The World's Largest Wind Turbine

Back to
These pictures and comments were stolen from REpower's web site.
They deserve all credit, except for the mistakes, which I claim.

The work on the foundation for the prototype of the REpower 5M turbine (5MW), in Brunsbüttel, Northern Germany has been completed. Due to its height of 183 metres and its weight of 1,100 tons (rotor and nacelle: approx: 380 tons) the wind turbine requires an extremely large foundation.
The foundation includes 40 concrete piles, each measuring 24 metres in length. 1,300 cubic metres of concrete and 180 tons of steel have been used. Only a circular base plate with a diameter of around 23 metres will be visible.
Aerial view of REpower 5M site Brunsbüttel.
Aerial view of REpower 5M site Brunsbüttel.
All the installation work on the nacelle and hub is completed. The heart of the REpower 5M is now clad and is ready to be taken away. The components are shipped on a pontoon along the Kiel Canal from Kiel to the Brunsbüttel Port on the River Elbe.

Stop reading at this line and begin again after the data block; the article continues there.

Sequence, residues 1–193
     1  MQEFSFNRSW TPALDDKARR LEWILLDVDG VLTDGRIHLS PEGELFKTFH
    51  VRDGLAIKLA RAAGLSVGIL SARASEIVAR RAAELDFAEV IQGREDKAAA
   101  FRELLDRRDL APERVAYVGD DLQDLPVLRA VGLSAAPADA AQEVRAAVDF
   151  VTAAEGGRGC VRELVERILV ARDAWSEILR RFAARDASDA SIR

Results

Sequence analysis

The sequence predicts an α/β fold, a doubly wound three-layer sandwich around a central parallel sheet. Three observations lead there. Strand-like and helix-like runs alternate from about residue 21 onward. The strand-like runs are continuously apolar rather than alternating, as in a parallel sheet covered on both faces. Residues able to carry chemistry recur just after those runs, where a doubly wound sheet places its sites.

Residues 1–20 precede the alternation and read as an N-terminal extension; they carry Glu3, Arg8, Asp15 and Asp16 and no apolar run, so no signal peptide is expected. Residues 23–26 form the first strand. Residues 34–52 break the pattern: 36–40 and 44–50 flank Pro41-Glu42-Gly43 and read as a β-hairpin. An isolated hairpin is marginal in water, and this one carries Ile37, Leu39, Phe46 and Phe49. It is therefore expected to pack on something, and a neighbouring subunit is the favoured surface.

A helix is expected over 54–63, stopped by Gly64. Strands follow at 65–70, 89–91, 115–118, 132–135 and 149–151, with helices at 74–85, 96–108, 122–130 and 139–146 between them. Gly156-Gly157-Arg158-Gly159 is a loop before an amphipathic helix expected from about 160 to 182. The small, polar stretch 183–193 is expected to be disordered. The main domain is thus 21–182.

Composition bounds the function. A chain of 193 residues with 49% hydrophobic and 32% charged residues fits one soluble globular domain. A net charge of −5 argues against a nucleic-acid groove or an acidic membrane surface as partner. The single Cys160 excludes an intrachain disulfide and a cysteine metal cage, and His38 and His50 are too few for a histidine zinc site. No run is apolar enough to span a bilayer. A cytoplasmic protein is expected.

The turbine's central components - the hub and nacelle - were loaded onto a pontoon at Howaldtswerke-Deutsche Werft AG (HDW) where the turbine was assembled. The voyage via the North & Baltic Sea Canal will last approximately nine hours.
The three longest rotor blades ever produced, each having a blade length of 61.5 m, will be transported overland in a wide load convoy to Brunsbüttel from the Danish rotor blade manufacturer LM Glasfiber A/S.
Delivery was taken of the third rotor blade. The turbine should be completed in around ten days, depending on the weather.
September 17, 2004. By erecting the tower the go-ahead for constructing the world's largest wind energy turbine REpower 5M was given in Brunsbüttel, Schleswig-Holstein today. The tubular steel tower consists of five individual segments which are screwed on top of each other. Today segments 1 and 2 with a height of 13.5 and 16.5 metres were completed. The height of segments 3 and 4 is 16.5 and 27.5 metres. The longest tower segment with a length of 40 metres is the last section to be installed. Together with the height of the foundation of 3 metres and 3 further metres in the nacelle section a total hub height of 120 metres is reached.